Raccoon roundworm, Baylisascaris procyonis, is a nematode that lives in the intestines of many raccoons. There the worms shed eggs that exit the raccoons through the feces. Since raccoons tend to defecate in the same locations, known as toilettes, these sites pose risks to those who encounter the contaminated soils. What follows is 10 facts about raccoon roundworm.
- A raccoon can have 20,000 to 26,000 of roundworm eggs in a gram of feces.
- Raccoons can become infected by ingesting infective eggs or by eating animals already infected with the worms.
- Children are the most likely to be infected because they are more likely to play in contaminated areas and put their dirty hands in their mouth.
- The roundworm has been found to infect more than 100 species of animals, including dogs.
- Raccoon roundworm can damage organs, eyes, and cause encephalitis (i.e. inflammation of the brain).
- Roundworm eggs can survive for years in moist conditions, such as shaded soils.
- Roundworm eggs can be killed by exposure to prolonged sunlight, dry conditions, or temperatures above 144 degrees F.
- There are no products registered for the disinfecting roundworm eggs on surfaces.
- When surveys have been done, raccoon roundworm has been found throughout the United States, with only one exception.
- Signs of infection in animals include, lethargy, ataxia, circling, loss of fear of humans, slow arching of head and neck, slow movements, leaning, etc.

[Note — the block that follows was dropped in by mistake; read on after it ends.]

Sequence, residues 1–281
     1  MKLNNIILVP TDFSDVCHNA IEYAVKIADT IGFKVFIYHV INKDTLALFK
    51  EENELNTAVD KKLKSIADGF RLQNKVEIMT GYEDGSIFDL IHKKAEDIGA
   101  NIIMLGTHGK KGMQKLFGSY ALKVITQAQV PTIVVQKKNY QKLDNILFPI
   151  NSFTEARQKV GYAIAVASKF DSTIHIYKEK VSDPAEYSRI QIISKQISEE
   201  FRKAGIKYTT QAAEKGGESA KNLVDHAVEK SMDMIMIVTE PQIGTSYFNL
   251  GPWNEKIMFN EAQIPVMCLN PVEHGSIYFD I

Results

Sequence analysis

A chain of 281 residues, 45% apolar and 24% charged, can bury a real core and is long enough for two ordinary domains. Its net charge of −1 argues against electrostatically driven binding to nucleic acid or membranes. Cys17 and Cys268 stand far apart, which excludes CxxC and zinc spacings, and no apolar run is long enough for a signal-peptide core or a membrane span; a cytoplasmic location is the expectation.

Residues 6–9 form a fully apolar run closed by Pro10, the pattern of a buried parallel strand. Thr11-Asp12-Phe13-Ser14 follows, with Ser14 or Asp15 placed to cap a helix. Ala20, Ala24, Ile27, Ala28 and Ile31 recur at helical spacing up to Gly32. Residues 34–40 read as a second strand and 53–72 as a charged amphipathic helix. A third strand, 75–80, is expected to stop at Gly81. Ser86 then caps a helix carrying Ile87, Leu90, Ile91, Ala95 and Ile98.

Kazacos, Kevin R. 2001. Baylisascaris procyonis and related species. Parasitic Diseases of Wild Animals: Endoparasites Part II. Chapter 11. pp.301-341.
Shafir, Shira C.; Wei Wang, Frank J. Sorvillo, Matthew E. Wise, Laurel Moore, Teresa Sorvillo, and Mark L. Eberhard. 2007. Thermal Depth Point of Baylisascaris procyonis Eggs. Emerging Infectious Diseases. 13:1(Jan): 172-173.Stephen M. Vantassel, CWCP, ACE, is the owner of Wildlife Control Consultant, LLC. He helps people restore their balance with nature through publishing, training, consulting, and the internet. He has published numerous articles in trade and academic publications (http://kingsdivinity.academia.edu/StephenMVantassel) along with several books (https://wildlifecontrolconsultant.com/store-2/). Listen to his podcast at PestGeek Podcast (https://pestgeekpodcast.com/). He is a sought after speaker and trainer. If you would like to have Stephen speak at your event or use his consultation services, send an e-mail to email@example.com. Copyright All postings are the property of Stephen M. Vantassel and Wildlife Control Consultant, LLC. Text (not images) may be reprinted in non-profit publications provided that the author and website URL is included. If images wish to be used, explicit and written permission must be obtained from Wildlife Control Consultant, LLC.